Financial end users are not permitted unsecured thresholds, but rather are required to have zero thresholds. They are, however, permitted minimum transfer amounts of $500,000.3 Financial end users are permitted to collect and post variation margin in the form of cash or other non-cash forms of collateral, and there are no third party segregation requirements for VM.
2 Financial end users that combined with their affiliates have an average daily aggregate notional amount of uncleared swaps and FX forwards/swaps that exceeds $3 trillion are required to begin posting and collecting variation margin on September 1, 2016.
3 Applies to initial and variation margin combined.
Initial margin is an amount collected above and beyond that necessary to collateralize the mark-to-market value of the swap. It is an additional buffer of collateral used to cover potential losses in a closeout scenario.4 IM only applies to financial end users with material swaps exposure and to covered swap entities.5 The application of IM requirements occurs according to a phase-in schedule, wherein the largest market participants begin exchanging IM on September 1, 2016, and others begin exchanging as late as September 1, 2020.
IM amounts are to be exchanged daily, but are subject to thresholds below which no IM is required to be exchanged. Specifically, an entity whose gross notional amounts exceed the above levels is only required to post IM if the IM calculation amount exceeds $50 million – an amount that must be allocated across all swap relationships with a swap counterparty and its affiliates. The initial margin calculation amount is based on the degree to which a swaps portfolio could change in value over a 10-day period.6 Eligible IM collateral includes cash and a range of liquid securities, which are subject to haircuts depending on the type of collateral. IM must be segregated and held by an independent third party custodian.
4 A close-out scenario is one in which a dealer requests collateral when due, the counterparty fails to post collateral and the dealer exhausts cure periods before closing out the swap. Initial margin is intended to cover an extreme change in market value that could occur during the time period between the most recent collateral posting and the swap termination.
5 i.e., swap dealers, major swap participants, security-based swap dealers, major security-based swap participants.
6 Based on a 99% confidence interval.
The margin rule does not apply to foreign transactions. Under the PR margin rule, foreign transactions are those in which counterparties and guarantors are not organized under US law or related to entities organized under US law. No cross-border guidance was included in the final CFTC margin rule because the CFTC intends to publish its cross-border guidance under a separate rule making. As of February 9, 2016, the CFTC has not published its final cross-border guidance supplementing the CFTC margin rule.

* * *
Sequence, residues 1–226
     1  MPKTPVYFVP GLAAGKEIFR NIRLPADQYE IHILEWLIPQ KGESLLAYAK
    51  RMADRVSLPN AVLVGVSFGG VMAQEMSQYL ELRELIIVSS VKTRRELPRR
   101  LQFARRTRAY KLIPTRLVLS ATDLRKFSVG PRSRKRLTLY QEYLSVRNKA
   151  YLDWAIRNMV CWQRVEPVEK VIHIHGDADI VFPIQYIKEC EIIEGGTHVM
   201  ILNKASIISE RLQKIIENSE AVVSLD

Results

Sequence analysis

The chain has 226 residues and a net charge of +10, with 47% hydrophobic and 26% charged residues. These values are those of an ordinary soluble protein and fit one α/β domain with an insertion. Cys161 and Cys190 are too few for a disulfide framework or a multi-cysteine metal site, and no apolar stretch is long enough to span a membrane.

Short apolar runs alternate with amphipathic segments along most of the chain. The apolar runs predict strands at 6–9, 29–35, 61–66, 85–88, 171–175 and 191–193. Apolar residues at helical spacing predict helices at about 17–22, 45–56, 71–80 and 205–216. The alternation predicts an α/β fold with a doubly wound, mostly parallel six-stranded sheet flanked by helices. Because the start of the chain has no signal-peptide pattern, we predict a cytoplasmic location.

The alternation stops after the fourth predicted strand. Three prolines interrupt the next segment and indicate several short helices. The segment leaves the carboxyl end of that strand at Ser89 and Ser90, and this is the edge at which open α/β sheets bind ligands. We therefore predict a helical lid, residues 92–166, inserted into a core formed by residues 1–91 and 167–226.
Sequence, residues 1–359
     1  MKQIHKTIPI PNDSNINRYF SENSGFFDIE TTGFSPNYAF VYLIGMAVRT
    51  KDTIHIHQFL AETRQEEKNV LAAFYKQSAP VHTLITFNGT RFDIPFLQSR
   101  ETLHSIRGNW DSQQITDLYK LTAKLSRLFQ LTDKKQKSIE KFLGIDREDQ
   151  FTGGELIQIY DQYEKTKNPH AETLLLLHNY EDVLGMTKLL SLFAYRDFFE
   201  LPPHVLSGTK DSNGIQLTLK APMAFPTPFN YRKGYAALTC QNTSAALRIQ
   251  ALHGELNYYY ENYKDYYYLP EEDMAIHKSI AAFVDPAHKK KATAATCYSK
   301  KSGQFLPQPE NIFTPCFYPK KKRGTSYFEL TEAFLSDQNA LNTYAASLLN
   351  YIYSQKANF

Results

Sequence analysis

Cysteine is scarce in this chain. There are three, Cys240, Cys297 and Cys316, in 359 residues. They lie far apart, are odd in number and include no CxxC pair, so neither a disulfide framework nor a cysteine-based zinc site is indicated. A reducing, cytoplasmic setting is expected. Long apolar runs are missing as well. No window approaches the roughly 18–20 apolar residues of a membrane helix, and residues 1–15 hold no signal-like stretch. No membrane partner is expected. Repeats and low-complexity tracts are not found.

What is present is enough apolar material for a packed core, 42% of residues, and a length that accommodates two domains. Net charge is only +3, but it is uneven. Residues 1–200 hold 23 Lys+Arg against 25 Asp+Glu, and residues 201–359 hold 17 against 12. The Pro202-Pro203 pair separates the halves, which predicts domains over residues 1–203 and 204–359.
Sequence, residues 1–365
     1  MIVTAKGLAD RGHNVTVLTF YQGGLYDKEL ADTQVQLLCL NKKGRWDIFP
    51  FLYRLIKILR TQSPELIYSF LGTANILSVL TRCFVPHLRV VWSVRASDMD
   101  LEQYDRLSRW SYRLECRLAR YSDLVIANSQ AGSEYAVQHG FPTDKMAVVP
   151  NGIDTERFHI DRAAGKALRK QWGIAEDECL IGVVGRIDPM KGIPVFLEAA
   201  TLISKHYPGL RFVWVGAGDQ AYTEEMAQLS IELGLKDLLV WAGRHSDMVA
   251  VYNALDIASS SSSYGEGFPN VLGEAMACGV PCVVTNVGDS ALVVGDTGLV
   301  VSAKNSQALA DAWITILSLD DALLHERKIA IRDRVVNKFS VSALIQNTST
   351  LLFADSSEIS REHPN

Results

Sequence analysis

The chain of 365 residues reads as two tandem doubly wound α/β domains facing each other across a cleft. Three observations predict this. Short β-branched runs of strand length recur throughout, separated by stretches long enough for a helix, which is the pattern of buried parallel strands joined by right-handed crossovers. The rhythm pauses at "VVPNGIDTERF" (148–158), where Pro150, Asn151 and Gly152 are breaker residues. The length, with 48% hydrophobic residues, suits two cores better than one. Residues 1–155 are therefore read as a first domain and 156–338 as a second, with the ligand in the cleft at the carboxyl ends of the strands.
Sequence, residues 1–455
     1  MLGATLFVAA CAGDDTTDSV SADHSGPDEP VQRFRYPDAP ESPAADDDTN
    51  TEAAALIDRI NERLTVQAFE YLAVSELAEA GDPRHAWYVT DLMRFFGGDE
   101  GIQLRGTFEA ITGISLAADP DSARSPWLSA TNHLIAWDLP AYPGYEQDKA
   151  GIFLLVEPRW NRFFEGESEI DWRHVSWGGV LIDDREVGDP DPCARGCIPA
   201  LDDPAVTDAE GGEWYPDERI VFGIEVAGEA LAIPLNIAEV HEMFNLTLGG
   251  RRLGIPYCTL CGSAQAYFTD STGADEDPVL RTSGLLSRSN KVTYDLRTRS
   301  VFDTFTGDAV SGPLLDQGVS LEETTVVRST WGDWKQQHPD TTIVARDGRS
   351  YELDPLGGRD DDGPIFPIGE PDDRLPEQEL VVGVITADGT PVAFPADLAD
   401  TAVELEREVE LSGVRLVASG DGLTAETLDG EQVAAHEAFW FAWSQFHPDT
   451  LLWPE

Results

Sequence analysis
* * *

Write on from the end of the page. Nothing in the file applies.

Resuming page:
When one entity to a transaction (or its guarantor) is subject to US law, substituted compliance may be available. Substituted compliance would apply when US prudential regulators recognize a foreign regulatory regime’s margin requirements as comparable to those established by the US margin rule. A substituted compliance determination by US prudential regulators would permit an entity to satisfy US margin requirements by adhering to the margin requirements of an approved non-US regulatory regime.7
7 Cross border swaps negotiations between the US and Europe are reported to be contentious, raising timing and substantive questions about when these determinations will be made. Additionally, these determinations are considered on a rule-by-rule, country-by-country basis – a process that could take years to complete.
Aside from the direct impacts applied to particular parties (as described above), the margin requirements are also likely to have indirect impacts that could influence hedging decisions. In particular, because an end user’s hedging transactions with a swap dealer may cause the swap dealer to post initial margin to a third party, we expect that swap dealers will increase transaction pricing on swaps that are not centrally cleared. Regulators expect that these indirect costs will cause some market participants to consider margining or clearing their derivatives transactions, even if they are not required to do so. In practice, these pricing effects will not apply immediately, but rather are likely to apply as initial margin requirements phase-in over the next five years. How a market participant responds to these pricing changes will depend on a range of factors, including an entity’s cost of capital, access to liquidity, and transaction volumes.
The PR margin rule applies where the dealer counterparty is regulated by a prudential regulator. Where the dealer counterparty is not prudentially regulated, the CFTC margin rule applies. Financial end users should receive a representation from their dealer counterparties as to whether the dealer counterparty is subject to the PR margin rule or the CFTC margin rule. It is not always obvious whether a dealer counterparty is prudentially regulated (e.g., certain foreign banks may not be prudentially regulated in the US and certain subsidiaries of prudential regulated bank holding companies may not fall within the purview of the holding company’s prudential regulator).
Financial end users will need to enter into documentation with their dealer counterparties in order to comply with the margin rule. It is likely that this documentation will be standardized and effected via a protocol; however, it will take some time before relevant documentation is available to be completed. Additionally, all financial and non-financial end users will be required to provide representations to their dealer counterparties as to their classification under the PR margin rule, the CFTC margin rule as well as the EU margin rule and the Japanese margin rule.